Condensing to One Sentence Can Be a Great Way to Focus
Whether you run your own company, help to govern a company or non-profit, or are in the process of getting one or the other off the ground, your organization’s mission statement can be a key tool in guiding decision-making and orienting your organization and your brand around your mission.
But, a poorly written, overly long, vague, or unfocused mission statement does little for your organization. The best mission statements are succinct and yet they get across not only the organization’s goals, but the philosophical underpinnings on which it is built (or to be built).
How then to write a well-balanced, yet succinct mission statement that hits all the necessary points without going overboard? How do you get your mission statement refined enough that it can exist in one powerhouse of a sentence.
Before you say that it can’t be done, or that one sentence couldn’t possibly contain all the necessary information about your organization’s philosophy and goals while saying something about what makes your organization special, consider how long this sentence is and how much information it conveys.
The Golden Mean and Why You Should Stay Away From It
The Golden Mean philosophically speaking is the ideal center place between two extremes. It is a place of moderation and it is exactly where you don’t want your mission statement to live. There are many web articles, blog posts, and books from various business and entrepreneurial thought leaders that will give you a laundry list of everything that should go into your mission statement.
When following one of these guru’s advice it can be all too tempting to come up with a list of every attribute that makes your organization what it is. Then when you hear that in order to focus your efforts as an organization you need to focus your mission, your natural reaction might be to just trim a few things and call it an exercise in moderation. There is no room for moderation in crafting an effective mission statement. Now is the time to go for the lean extreme.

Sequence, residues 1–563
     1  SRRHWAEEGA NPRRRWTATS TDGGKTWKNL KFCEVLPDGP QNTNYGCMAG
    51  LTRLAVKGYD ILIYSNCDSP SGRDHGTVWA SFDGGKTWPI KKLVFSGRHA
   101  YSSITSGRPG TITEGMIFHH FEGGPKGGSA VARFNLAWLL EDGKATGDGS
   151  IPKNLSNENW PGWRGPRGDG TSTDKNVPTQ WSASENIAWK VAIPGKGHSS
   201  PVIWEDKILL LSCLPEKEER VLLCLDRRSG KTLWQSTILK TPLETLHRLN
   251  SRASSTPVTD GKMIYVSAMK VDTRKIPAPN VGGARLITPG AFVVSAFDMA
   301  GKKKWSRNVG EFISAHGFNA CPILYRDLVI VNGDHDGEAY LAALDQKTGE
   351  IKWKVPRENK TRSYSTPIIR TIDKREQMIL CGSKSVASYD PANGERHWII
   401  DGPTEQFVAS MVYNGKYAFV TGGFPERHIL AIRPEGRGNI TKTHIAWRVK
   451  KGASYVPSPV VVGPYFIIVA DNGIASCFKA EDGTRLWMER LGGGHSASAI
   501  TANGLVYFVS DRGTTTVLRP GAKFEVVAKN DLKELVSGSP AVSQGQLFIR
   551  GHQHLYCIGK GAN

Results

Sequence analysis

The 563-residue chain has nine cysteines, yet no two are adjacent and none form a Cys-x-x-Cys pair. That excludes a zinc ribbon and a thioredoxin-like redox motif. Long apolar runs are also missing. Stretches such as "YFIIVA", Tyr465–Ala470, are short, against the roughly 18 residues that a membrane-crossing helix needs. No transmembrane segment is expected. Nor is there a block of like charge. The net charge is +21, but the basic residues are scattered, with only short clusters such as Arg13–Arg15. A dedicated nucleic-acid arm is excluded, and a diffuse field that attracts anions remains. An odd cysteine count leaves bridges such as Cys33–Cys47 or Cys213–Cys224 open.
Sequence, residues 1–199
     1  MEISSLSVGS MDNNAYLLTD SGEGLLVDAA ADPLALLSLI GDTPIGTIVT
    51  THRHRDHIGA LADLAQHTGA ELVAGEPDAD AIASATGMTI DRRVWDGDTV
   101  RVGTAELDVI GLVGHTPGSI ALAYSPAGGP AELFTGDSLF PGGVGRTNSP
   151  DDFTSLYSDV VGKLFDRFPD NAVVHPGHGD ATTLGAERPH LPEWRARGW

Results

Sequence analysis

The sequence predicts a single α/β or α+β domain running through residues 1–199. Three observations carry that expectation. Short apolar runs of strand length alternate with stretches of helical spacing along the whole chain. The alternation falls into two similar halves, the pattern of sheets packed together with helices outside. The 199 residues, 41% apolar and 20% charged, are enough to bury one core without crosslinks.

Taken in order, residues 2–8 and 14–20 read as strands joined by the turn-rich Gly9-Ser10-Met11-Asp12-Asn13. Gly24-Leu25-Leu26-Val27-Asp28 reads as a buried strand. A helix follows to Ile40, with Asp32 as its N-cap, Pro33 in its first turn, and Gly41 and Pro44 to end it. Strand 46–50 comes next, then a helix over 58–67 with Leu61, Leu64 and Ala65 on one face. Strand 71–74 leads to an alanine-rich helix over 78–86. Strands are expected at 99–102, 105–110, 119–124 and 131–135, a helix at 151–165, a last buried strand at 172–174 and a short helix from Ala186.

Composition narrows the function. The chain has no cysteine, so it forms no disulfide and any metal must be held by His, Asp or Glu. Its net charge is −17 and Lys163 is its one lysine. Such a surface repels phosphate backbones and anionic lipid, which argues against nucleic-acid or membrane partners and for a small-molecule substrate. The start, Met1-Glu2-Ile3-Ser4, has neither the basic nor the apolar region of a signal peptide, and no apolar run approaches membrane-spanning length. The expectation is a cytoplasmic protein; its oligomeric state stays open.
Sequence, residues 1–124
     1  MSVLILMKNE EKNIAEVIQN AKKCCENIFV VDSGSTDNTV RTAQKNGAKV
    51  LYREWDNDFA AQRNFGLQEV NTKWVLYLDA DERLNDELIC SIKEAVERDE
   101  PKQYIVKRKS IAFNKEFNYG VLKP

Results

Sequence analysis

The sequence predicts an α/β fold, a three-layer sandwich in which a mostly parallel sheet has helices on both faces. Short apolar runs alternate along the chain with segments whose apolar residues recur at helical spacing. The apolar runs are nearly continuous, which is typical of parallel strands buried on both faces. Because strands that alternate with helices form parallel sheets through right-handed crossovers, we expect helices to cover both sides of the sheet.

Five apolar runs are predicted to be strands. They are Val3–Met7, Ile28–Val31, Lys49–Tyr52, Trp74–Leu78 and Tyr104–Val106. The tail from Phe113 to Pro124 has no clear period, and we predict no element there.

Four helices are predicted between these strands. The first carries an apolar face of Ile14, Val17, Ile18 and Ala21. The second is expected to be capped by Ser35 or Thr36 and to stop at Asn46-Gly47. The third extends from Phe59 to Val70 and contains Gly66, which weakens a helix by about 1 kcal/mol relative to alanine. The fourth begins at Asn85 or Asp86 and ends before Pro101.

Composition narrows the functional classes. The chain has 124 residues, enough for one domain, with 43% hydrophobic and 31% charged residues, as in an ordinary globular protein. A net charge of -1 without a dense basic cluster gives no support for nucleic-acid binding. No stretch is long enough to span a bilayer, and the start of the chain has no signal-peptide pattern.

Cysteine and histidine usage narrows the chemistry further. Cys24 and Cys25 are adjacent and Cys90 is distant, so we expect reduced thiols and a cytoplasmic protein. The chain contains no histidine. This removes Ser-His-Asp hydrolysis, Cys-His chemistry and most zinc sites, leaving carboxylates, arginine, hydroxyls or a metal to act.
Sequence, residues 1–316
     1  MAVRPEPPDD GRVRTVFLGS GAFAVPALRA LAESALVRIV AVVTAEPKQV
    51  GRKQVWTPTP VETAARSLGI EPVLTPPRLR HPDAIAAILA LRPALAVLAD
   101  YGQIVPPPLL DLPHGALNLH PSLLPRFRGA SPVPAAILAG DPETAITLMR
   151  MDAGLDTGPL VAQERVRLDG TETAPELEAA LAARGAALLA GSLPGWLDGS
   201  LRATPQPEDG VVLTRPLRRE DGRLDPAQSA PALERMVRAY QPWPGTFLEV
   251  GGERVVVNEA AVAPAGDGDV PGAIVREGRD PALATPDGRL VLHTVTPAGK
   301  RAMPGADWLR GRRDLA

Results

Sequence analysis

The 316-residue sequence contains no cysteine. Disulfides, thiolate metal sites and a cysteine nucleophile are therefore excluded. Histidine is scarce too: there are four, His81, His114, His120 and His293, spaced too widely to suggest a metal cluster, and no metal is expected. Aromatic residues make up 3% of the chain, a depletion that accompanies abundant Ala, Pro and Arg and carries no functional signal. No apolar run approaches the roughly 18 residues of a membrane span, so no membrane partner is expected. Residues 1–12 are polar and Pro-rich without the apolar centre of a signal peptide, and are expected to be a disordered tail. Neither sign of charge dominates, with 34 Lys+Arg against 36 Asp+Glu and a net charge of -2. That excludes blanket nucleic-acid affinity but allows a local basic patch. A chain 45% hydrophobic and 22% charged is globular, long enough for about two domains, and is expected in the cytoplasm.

Mission Creep and Trimming the Fat
People have a tendency to push for the initiatives and pet projects that they are most invested in personally, regardless of their potential impact on the direction of the organization they are working within.
Only when confronted by someone without a direct investment in their project do they begin to search for a way to align it with mission or values of the organization.
A well-crafted, tight, succinct mission statement that leaves little room for interpretation can help your organization avoid mission creep driven by the best of intentions, as well as politics and in-fighting. Trim any and all extraneous fat from your mission, save it for marketing descriptions.
Burn Down the Mission and Rebuild It From Scratch
So, even if you’re perfectly happy with the mission statement your organization already has, consider taking the time to throw it out and engage in the exercise of building a new, tighter, more economical, single-sentence version from scratch.
Even if you have no intention of replacing or removing a single word from what you already have, the exercise of trying to rewrite one as tightly as possible can have tremendous value as it forces you to seriously consider what is essential and what is superfluous not only in your mission, but in your organization as well.
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